All the data in the Blockchain is public. The "public" keyword creates a getter for the variable, (a function that return the value). When you make it private the getter is not created but you can access the storage of the contract. web3 allows you to read the storage using:
see this for more info
Hope this helps
I think your best bet at this point in time would be to use zkSNARKs which has significantly more support overall through the ecosystem, although zkSNARKs operations aren't cheap.
While searching for ethereum ring signatures, the only recent implementation I could find was a the following reddit thread, although development appears to have stopped
This is absolutely true so far. There is no info about how to setup PoS Casper private network.
But here are some useful links:
Installing Casper on Ubuntu
Casper Pyethapp Development Environment Containers
By the way if you need to setup a PoS private network for work, Casper might not be the best option, because the implementation of ...
I only want the person who has access to the private key of the public key it was encrypted with to see the data. Is there a possible way to do it
Yes, you need to encrypt it before you send the data to the blockchain. Everything in the blockchain, including transactions, is public. So if you send the data in plaintext, anyone can see it.
At the moment I ...
Is it absolutely required to be in the first block? With some modifications to Geth you could theoretically apply the state changes at genesis. This would mean every node that has the genesis file you specified would have the contracts predeployed, similar to what Rob was referring to with Pegasys.
Yes, someone can see private values. Private simply tells contracts what they can and cannot read. People can extract the data from the private value.
Please see this thread. And also in the api for solidity it states:
"Everything you use in a smart contract is publicly visible, even local variables and state variables marked private."
This is what I do:
File NodeInit.bat (run once, or whenever you want to delete the DB and start from zero):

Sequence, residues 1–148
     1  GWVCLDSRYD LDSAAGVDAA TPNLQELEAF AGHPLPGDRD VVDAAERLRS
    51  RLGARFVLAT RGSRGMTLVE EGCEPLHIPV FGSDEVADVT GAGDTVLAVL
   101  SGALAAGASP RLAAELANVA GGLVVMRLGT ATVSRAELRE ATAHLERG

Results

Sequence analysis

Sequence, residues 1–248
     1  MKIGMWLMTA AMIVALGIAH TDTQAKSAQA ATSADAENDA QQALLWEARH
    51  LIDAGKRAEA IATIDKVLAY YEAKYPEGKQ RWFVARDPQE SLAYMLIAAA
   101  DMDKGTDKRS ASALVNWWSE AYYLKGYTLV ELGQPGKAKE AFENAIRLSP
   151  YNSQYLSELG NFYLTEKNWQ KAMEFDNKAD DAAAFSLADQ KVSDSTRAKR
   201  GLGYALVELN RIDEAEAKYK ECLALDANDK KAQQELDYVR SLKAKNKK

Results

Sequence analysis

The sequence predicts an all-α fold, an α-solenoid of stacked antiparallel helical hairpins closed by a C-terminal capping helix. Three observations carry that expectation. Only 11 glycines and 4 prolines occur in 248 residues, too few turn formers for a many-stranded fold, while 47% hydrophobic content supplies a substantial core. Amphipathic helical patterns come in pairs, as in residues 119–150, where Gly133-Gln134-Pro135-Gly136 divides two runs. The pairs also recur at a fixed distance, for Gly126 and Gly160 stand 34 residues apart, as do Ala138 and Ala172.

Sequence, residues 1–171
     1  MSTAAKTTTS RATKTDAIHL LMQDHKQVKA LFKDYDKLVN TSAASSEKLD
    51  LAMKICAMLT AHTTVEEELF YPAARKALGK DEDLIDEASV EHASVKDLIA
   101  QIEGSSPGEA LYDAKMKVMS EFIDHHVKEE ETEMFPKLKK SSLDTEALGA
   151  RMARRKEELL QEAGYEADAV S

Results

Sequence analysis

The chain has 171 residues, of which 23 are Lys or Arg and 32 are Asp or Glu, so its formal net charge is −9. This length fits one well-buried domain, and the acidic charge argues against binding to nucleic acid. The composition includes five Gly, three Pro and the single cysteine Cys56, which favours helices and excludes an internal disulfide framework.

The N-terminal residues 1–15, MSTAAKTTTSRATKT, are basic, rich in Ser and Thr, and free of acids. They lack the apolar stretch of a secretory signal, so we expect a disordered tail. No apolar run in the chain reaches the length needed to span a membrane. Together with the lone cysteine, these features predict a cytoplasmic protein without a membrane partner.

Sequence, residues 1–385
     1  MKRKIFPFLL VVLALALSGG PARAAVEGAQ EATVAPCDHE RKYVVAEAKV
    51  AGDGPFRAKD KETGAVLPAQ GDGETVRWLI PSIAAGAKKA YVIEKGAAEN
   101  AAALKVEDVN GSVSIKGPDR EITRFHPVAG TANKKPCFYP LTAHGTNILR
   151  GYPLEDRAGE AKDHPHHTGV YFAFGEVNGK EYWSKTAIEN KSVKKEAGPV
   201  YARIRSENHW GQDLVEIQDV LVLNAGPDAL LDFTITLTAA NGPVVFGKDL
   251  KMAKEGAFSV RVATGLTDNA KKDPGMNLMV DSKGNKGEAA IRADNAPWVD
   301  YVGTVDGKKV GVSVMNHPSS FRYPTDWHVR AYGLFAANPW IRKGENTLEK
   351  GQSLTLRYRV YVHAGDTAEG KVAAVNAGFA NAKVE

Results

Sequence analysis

rd /s /q data\geth
call "C:\Program Files\Geth\geth.exe" --datadir=.\data init .\genesis.json
File NodeOpen.bat (run whenever you want to start the network):
cmd /c "title geth & "C:\Program Files\Geth\geth.exe"" ^
Everything that happens inside the blockchain is public information. So all the data you have is readable for anyone who knows how to access it.
The only way for you to hide some information is by encrypting it before it reaches blockchain (so somewhere in your backend). This way nobody can interpret the data without the right encryption key, but this also ...
According to documentation (haven't practice for a while)
--rpcaddr value HTTP-RPC server listening interface (default: "localhost")
You need to pass the address on witch one your rpc endpoint must be listenning. If I remember well, it corresponds to the IP address authorized to send commands.
By default, it is your localhost.
To allow everyone, ...
Unless you find JSON formated text file with keys such as "id", "cipher", "ciphertext", "salt"...etc, I don't think you would be able to recover. If you find it, you will be able to extract it via not just metamask but also other tools, assuming you know the correct password. You need either that or your mnemonic. Password is just missing information to ...
Assuming you have the source code for the contract in question, it's a two-step process:
Determine, from the source code, the location(s) in storage that you're interested in.
Call the eth_getStorageAt JSON-RPC method (perhaps multiple times) to retrieve the data.
Two of my blog posts might help:
Understanding Ethereum Smart Contract Storage explains how ...